ONE of the oldest hospitals in the country faces the axe after health chiefs in Yorkshire admitted it was no longer safe for 21st century care.
Bootham Park Hospital opened as the York Lunatic Asylum in 1777 and has continued to provide mental healthcare to this day.
But following a critical inspection by the Care Quality Commission, NHS bosses have agreed to find alternatives in the city, triggering significant upheaval for vulnerable patients.
Temporary options will be used until a brand new mental health hospital can be built dependent on funding from NHS England.
The Lime Trees unit in York, which provides mental healthcare for children and adolescents, will also be closed following further criticism of its facilities.
NHS managers estimate temporary moves could cost as much as £1.2 million but the financial implications are considered “much less significant than the quality concerns”.
Millions of pounds have been spent maintaining the Georgian Bootham Park but inspectors ruled the wards were not “safe or suitable”, raising concerns over the risks of patients harming themselves and over privacy and dignity, largely due to the design of the building which cannot be addressed because it is Grade 1 listed.
Bosses at the Vale of York Clinical Commissioning Group (CCG) said the inspectors’ findings backed up concerns of patients and carers. It will hold consultation events in the summer to include discussions over a new mental health hospital in York.
Rachel Potts, the CCG’s chief operating officer, said: “Bootham Park Hospital was built in 1774, it has served the people of the Vale of York well for 240 years, but the time has come for it to be replaced. The CCG believes that the review of mental health services gives us a fantastic opportunity to define the best possible model of care within which we can design a state-of-the-art hospital facility.
“There is no health without mental health and the CCG is confident that the consultation process will allow it to commission innovative solutions that are fit for the 21st century.”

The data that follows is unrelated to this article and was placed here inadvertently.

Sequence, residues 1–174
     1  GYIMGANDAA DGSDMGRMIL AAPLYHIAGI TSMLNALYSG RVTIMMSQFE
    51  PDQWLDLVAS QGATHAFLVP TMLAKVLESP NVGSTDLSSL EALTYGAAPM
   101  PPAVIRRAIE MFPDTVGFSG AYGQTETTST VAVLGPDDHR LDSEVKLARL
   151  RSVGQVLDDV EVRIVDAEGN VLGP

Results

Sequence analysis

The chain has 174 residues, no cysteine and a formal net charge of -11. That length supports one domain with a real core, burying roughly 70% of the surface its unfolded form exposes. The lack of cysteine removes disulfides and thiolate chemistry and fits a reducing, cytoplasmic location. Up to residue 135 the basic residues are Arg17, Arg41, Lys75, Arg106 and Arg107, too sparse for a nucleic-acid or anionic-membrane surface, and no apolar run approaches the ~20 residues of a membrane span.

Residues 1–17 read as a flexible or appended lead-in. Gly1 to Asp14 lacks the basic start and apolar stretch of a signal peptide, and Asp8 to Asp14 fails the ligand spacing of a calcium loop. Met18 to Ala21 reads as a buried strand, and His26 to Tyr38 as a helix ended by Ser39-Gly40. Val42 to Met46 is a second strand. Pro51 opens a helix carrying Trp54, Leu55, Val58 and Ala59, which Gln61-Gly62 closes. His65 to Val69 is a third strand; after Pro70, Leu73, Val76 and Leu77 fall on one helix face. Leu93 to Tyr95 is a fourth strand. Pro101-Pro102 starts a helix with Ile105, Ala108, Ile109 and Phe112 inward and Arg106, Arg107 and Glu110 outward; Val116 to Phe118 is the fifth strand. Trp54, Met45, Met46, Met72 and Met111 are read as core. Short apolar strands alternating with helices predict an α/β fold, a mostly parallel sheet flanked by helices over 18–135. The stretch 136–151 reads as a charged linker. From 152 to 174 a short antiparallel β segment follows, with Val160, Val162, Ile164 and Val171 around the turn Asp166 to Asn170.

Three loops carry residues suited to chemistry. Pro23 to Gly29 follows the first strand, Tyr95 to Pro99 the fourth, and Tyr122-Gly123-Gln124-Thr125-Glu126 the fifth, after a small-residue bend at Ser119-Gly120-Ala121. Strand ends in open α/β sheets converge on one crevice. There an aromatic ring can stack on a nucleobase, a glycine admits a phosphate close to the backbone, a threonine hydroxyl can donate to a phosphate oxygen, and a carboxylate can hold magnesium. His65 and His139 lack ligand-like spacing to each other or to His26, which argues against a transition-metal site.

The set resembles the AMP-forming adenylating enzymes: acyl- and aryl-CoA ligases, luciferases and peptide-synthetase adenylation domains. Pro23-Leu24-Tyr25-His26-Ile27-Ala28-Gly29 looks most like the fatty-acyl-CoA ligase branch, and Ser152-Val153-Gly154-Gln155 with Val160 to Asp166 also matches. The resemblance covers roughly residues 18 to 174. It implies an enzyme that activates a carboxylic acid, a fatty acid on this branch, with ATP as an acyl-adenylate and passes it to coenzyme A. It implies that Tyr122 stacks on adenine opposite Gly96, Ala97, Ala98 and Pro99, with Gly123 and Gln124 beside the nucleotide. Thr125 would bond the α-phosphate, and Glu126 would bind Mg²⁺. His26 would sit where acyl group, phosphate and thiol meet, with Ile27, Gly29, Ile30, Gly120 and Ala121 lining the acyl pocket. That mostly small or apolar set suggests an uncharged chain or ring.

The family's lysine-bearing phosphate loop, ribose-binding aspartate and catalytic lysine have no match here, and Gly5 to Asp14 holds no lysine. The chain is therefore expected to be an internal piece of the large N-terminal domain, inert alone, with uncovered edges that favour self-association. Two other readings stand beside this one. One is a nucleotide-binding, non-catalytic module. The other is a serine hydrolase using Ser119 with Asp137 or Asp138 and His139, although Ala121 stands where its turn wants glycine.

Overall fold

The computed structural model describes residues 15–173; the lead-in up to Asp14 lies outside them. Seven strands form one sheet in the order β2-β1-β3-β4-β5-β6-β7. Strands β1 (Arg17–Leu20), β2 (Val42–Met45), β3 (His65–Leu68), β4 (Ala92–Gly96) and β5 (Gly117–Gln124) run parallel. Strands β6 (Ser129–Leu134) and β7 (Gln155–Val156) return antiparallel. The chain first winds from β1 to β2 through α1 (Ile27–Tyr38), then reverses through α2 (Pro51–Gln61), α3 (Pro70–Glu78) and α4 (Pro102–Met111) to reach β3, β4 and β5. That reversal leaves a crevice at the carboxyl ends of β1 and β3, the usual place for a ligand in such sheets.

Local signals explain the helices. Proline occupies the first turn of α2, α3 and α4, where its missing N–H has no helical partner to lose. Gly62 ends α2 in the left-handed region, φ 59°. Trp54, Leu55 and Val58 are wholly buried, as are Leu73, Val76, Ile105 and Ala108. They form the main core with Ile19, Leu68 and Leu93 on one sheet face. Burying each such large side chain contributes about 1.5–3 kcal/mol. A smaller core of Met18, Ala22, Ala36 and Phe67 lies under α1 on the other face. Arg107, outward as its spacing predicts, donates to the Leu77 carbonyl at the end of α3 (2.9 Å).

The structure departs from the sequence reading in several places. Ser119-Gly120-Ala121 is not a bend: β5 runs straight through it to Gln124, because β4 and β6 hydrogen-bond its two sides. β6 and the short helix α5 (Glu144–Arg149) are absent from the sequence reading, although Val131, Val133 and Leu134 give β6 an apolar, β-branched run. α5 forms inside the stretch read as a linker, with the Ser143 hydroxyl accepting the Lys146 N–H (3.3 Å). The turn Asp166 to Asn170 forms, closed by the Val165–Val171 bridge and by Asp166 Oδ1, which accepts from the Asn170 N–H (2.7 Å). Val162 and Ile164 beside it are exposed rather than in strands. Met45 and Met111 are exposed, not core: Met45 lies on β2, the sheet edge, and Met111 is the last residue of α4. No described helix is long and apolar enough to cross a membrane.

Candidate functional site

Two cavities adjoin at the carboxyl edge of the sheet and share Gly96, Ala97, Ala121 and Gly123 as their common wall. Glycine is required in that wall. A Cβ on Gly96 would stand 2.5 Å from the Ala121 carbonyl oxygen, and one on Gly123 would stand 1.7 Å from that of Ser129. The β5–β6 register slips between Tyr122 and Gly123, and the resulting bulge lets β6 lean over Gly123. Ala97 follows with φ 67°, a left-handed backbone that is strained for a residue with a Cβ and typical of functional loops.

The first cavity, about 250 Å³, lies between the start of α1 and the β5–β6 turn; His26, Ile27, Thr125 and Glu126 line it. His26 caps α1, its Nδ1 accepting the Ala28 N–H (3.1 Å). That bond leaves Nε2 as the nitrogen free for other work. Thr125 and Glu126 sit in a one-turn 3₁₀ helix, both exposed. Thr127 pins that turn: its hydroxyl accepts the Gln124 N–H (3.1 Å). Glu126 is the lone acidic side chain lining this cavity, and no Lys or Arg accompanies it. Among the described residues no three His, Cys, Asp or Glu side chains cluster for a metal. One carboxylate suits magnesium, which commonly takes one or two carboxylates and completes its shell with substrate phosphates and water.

In a statement, Leeds and York Partnership NHS Foundation Trust, which provides services but does not own the buildings, said temporary locations had been found in York but it would be up to 18 months before a move from Bootham Park could be completed.
It was proposed to move two adult inpatient wards, the recently-opened place of safety accommodation and the crisis assessment service from Bootham Park to nearby Peppermill Court which has space for 29 beds. This is used as a community unit for the elderly, who would need to move elsewhere. The hospital’s 18-bed elderly assessment unit would move to Cherry Tree House in the east of the city in six months.
Inpatient care at Lime Trees would be relocated to the vacant Mill Lodge, in the north of York, in about six months. Bed numbers were yet to be confirmed but it was hoped it would have enough capacity to provide local care for youngsters previously sent out of the area because existing facilities were unsuitable. Currently, wheelchair users cannot be admitted to the unit, while male patients are not routinely accepted. Other services will remain at Lime Trees.
“Safety of the people who use our services is always our first priority and we are committed to ensuring that the current Bootham Park Hospital and Lime Trees estate is as safe as possible for the remainder of the time services are based at those locations,” a spokesman said.
“We have appointed an external safety expert to review the plans for Lime Trees and Bootham Park Hospital, and provide assurance that the interim solution at Peppermill Court and Cherry Tree House will be clinically safer than the current position.
“All partners involved in this work are clear that these proposals only provide an interim solution. Bootham Park Hospital is over 200 years old and the people of York deserve a new purpose-built hospital.”
Bootham Park Hospital was founded following a meeting of 24 gentleman of the three ridings of Yorkshire at York Castle in 1772 called by the Archbishop of York. His intention was to create an asylum to prevent the mentally ill from being kept in prisons. At that time, there were only four asylums in the country.
It was designed by prolific architect John Carr who was responsible for a number of buildings in the city and further afield among them Fairfax House in York, Harewood House, near Leeds, and Constable Burton Hall in Wensleydale and built in an area which was then outside the city.
It was initially meant to cater for the needs of poor people, but by 1784 it was decided to admit wealthier patients as well, undermining its original charitable objectives.
Conditions caused a public scandal leading to the building of The Retreat in York which pioneered Quaker-influenced alternative treatment of mental illness.
As recently as three years ago, Bootham Park underwent a £2.7m refurbishment and a further £5m was secured in 2012 for a programme further safety work which has still yet to be completed to address highest risks.
It remains unclear what will happen to the hospital and its grounds but its sale is likely to raise a huge sum despite heavy planning restrictions and substantial investment required to revamp the internal fabric of the building.